Mozambique scrambles to contain debt fallout with vote looming
DW (File photo) / Filipe Nyusi, President of Mozambique, and Afonso Dhlakama, leader of Renamo
Since Mozambique adopted a multi-party system in 1994, pre-election periods have been characterised by armed conflict. Now, the Council of Religions of Mozambique has been demanding a solution to the problem.
Mozambican religious congregations are united in the quest to prevent the pre-election conflicts that have been taking place since 1994, when the multi-party system was established.
They are in favour of national reconciliation, not bellicose pronouncements and similar actions often characteristic of pre and post-election periods.
Afonso Dhlakama, leader of the Mozambican National Resistance (Renamo), the main opposition party, has reiterated that a decentralisation agreement will be presented in March. But he warned that, if it fails to materialise, “I would not like to be called a warmonger”.
Dhlakama out of the woods
It is for this very reason that the president of the Council of Religions of Mozambique, Artimiza Franco, advocates Dhlakama leaving the forests of Gorongosa, in Sofala, central Mozambique. “For us to make a reconciliation, a properly carried out reconciliation, he needs to come out of the woods,” she says.
Afonso Dhlakama has been in Gorongosa since 2015, and still claims victory in that year’s general elections.
Mozambicans will vote in municipal elections in October of this year, and in 2019 will choose a new president and parliament.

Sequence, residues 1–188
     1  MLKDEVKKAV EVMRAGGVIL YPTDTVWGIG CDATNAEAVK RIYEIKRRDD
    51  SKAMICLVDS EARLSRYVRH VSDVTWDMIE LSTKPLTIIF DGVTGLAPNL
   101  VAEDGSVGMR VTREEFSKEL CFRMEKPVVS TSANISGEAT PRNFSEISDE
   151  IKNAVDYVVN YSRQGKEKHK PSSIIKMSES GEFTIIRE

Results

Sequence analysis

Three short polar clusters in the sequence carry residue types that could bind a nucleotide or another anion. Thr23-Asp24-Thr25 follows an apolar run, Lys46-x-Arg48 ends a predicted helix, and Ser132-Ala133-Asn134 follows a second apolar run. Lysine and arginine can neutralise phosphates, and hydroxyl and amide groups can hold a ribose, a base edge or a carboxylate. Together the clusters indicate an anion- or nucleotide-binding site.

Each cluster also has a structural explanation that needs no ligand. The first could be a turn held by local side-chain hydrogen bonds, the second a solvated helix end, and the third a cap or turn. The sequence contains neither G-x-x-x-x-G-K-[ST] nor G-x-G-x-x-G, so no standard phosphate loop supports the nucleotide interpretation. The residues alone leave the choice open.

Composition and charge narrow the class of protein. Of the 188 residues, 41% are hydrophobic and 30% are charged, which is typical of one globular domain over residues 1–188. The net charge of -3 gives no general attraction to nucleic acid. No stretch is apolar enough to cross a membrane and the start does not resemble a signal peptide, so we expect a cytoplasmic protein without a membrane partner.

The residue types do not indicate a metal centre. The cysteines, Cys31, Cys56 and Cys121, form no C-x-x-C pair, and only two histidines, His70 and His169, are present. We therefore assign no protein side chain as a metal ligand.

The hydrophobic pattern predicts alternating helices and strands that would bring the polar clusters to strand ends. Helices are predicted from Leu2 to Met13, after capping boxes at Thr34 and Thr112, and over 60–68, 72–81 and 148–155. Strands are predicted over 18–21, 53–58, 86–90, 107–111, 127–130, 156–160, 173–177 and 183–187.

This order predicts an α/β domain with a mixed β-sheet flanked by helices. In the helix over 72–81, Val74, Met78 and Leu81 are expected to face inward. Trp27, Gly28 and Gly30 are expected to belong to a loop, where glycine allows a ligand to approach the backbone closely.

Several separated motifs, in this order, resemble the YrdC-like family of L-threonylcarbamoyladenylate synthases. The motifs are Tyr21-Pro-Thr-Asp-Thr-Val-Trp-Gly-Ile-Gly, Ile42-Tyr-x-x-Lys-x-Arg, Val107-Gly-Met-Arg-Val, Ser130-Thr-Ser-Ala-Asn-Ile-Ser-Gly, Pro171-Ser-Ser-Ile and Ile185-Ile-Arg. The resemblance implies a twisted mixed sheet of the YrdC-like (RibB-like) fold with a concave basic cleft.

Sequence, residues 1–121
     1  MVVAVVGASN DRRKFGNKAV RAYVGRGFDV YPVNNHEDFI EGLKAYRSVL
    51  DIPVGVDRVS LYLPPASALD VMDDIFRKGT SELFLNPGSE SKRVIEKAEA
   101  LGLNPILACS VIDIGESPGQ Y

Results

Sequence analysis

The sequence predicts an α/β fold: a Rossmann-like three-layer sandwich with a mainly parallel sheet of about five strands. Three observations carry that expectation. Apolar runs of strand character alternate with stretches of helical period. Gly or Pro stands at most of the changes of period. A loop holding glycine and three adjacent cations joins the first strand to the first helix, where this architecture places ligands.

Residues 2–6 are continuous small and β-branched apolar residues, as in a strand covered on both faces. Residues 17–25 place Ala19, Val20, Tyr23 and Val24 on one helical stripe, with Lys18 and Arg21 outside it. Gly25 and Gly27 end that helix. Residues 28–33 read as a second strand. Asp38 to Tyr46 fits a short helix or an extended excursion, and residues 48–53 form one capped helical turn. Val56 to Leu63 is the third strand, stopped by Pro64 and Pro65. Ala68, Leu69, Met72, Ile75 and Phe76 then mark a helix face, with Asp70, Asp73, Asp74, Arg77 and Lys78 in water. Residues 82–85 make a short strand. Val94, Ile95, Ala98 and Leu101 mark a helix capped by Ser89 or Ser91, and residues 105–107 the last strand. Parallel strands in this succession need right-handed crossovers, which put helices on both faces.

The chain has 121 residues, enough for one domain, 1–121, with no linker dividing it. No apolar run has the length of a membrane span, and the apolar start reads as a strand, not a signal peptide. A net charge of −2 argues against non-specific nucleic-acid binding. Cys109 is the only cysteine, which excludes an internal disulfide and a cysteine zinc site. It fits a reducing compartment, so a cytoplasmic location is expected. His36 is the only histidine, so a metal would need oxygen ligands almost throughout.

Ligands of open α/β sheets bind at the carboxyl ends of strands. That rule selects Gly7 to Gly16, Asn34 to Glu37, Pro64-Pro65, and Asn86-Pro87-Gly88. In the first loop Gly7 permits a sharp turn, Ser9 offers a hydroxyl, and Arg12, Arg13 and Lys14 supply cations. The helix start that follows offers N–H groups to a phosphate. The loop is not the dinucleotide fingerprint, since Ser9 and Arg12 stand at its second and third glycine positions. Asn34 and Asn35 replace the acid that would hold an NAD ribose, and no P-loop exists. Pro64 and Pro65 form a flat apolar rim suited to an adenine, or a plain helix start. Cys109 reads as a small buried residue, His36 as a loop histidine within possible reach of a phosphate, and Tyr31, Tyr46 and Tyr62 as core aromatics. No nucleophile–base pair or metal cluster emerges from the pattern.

The Mozambican opposition has accused the Liberation Front of Mozambique (Frelimo), the ruling party, of fraud both before and after the elections, resulting in armed conflict. “And if these two processes are not well managed, we will again fall into armed conflicts,” Franco warns.
Bandits v. the religious in the north
The province of Cabo Delgado, in the north of the country, has been targeted by armed men who say they are religious people, but in the eyes of the Rev. Albino Mussei, secretary general of the Council of Religions of Mozambique, the reality is different.
“These thugs are said to be religious Muslims. They enter mosques with shoes, unacceptable in the Islamic faith, carry with them bags that only they can explain, kill ‘chés’, destroy mosques and kill defence and security forces personnel. They are bandits, not religious people,” he says.
Religious people want effective peace, to which end Franco has announced a summit later this month in Beira, central Mozambique. This summit of peace and national reconciliation will be attended by experts from the African Union (AU).
According to Franco, “the AU will send a specialist on political and electoral matters. He will be speaking on one of the themes at the summit, because our country has been in a cycle of war because of elections”.Source: Deutsche Welle
Mozambique: Seychelles wants gas to produce energy